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Chapter 3. iPhoto: Not Your Father's Pho... > Organizing Your Images - Pg. 70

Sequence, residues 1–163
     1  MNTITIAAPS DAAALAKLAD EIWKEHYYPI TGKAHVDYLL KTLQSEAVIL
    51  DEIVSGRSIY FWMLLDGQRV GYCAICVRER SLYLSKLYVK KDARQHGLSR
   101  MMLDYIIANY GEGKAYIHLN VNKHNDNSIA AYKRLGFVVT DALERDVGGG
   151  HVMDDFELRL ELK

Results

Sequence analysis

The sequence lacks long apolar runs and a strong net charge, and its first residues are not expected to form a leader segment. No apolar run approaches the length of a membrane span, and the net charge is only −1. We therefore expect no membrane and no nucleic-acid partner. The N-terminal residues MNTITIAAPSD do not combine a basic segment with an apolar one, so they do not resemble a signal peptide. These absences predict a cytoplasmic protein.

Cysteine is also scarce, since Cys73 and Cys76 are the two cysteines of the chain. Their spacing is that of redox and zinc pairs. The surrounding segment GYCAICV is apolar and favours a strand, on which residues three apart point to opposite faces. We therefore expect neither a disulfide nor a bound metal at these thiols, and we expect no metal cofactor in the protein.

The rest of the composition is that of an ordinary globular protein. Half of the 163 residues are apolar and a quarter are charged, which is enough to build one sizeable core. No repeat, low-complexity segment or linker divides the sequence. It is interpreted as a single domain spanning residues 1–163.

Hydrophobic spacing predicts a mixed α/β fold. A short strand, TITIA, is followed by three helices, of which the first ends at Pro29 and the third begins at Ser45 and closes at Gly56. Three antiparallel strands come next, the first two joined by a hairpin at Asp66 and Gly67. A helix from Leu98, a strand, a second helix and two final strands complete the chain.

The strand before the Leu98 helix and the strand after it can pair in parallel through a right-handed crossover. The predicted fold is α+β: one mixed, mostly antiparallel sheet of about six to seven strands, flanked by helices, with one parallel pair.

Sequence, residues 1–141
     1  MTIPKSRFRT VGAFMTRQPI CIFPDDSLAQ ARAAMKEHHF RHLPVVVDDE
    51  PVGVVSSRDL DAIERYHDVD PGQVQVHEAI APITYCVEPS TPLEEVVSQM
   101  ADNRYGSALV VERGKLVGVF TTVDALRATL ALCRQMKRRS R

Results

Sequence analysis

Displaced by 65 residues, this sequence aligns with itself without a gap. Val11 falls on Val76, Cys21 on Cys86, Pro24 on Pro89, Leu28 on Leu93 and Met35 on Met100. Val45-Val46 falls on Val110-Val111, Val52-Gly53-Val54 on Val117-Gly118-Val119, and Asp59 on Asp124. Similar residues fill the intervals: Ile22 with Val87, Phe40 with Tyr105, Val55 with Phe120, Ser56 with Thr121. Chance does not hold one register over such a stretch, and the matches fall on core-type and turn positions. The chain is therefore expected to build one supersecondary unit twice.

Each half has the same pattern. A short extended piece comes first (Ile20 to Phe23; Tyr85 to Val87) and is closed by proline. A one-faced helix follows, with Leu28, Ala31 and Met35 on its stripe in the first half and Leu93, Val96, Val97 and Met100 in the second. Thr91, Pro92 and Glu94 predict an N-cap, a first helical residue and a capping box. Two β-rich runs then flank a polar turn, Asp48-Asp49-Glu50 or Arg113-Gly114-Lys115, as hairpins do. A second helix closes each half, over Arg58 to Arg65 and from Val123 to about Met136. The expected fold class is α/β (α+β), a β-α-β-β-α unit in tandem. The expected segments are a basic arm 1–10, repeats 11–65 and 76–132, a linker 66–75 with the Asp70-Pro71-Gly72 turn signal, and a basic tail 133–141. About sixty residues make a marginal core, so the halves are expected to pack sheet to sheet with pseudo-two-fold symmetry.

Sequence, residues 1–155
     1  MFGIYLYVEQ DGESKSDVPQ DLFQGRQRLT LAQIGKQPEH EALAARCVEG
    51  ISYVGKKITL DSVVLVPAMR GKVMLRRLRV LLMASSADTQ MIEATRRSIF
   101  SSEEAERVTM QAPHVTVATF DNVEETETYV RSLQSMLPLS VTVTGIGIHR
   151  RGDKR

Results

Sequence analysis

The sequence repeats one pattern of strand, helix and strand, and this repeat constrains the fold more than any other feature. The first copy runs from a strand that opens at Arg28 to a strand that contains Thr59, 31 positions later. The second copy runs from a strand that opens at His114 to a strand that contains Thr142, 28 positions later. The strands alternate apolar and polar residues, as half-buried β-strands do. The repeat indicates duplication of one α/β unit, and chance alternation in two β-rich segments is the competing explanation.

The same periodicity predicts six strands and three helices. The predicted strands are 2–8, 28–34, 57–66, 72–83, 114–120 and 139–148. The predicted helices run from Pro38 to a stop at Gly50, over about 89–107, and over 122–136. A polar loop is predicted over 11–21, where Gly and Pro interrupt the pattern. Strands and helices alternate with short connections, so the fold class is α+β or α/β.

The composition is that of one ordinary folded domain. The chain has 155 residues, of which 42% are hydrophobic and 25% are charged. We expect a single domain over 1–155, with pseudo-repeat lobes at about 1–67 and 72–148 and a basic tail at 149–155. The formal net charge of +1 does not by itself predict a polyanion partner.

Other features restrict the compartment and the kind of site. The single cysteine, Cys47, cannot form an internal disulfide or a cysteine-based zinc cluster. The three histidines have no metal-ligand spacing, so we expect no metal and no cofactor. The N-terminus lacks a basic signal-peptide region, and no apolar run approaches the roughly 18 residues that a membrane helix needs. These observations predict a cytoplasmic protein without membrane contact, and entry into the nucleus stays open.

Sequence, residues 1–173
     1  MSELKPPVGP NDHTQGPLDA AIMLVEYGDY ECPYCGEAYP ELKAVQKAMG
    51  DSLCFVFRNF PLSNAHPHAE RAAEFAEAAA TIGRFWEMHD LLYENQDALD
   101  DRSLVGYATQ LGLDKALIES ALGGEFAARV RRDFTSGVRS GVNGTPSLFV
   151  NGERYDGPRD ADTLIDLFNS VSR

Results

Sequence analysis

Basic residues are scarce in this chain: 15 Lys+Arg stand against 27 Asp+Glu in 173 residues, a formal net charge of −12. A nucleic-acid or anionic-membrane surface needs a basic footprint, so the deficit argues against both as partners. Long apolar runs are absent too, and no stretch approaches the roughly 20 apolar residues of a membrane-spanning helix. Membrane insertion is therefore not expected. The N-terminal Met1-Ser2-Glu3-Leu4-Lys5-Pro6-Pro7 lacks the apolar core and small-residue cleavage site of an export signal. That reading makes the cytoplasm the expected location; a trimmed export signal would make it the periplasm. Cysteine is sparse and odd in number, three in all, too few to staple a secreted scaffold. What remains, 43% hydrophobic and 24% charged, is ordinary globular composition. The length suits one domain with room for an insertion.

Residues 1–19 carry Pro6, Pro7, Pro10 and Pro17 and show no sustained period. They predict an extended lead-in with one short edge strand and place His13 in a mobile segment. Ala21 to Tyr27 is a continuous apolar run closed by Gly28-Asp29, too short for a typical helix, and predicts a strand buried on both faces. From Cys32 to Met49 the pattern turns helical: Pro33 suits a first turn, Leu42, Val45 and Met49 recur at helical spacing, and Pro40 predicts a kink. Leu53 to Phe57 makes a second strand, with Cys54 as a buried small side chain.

iPhoto: Not Your Father's Photo Album NOTE 70 You can import a wide variety of image file formats into iPhoto, including JPEGs, Photoshop files, and other formats that you are likely to encounter when dealing with digital images. Import Images from Other Sources into iPhoto 1. 2. 3. 4. Prepare the images that you want to import (for example, scan the photos or download them from a USB memory card reader to your Mac). Choose File, Import (or press +I). You will see the Import Photos dialog. Move to the files that you want to import and select them. You can select multiple images at the same time by holding the key down while you click each image. Click Open (or press Return). The images will be imported into your Photo Library. You can monitor the process by watching the Progress bar--importing images from files is much faster than importing them from a camera so the process moves along pretty quickly. Click the Last Import album in the Source pane. iPhoto will move into the Organize mode, and you will see the images that you just imported. Work with the Organization mode tools to organize and identify the images that you just im- ported (see the section called " Organizing Your Images " for the steps to do so). 5. 6. Organizing Your Images Because you are likely to accumulate a large number of images, it is imperative that you keep them organized and that you use iPhoto's information tools to help you identify your photos so that you can find them when you need them. As you learned earlier in this chapter, iPhoto includes a number of organization tools that help you do just that. Where iPhoto Stores Your Digital Images When you import images into iPhoto, from either a digital camera or from other sources (such as photos that you have scanned), the images are stored in the following location: Yourhomefolder/Pictures/iPhoto Library As iPhoto imports images into your library, it creates several subfolders and data files that it uses to maintain your image collection. Within the iPhoto Library folder, you will see sev- eral data files that iPhoto uses to keep your images organized; these files are, Library.cache, and You never need to work with these files directly. iPhoto also creates a folder called Albums in which it stores information related to albums that you create. You'll also notice a folder for each year in which photos that you import are captured. Within each year's folder, you will see one or more subfolders that are given numbered names. Within those folders is a Data folder, which contains data that are attached to the images, such as keywords, a Thumbs folder (containing thumbnails of each image), and finally, the images themselves. These images will be named with sequential numbers that iPhoto attaches to the images as you import them. The organization and naming scheme that iPhoto uses isn't likely to make much sense to you (it sure doesn't to me), but fortunately, you don't need to deal with it directly very often. You can just rely on iPhoto to manage all of the complexity for you. Still, you can move directly to the images within iPhotos folders if you want to. View the folders in a Finder window using the Columns view; when you select an image, you will see a preview of it. This helps you know what the content of a specific image files is (the naming scheme cer- tainly won't tell you!). You can copy image files from the iPhoto folders to other locations to use them for other purposes. (Don't move the files from the iPhoto folders because iPhoto will get confused when it tries to access those images. Copy them instead so that the source file always remains within the iPhoto folders.)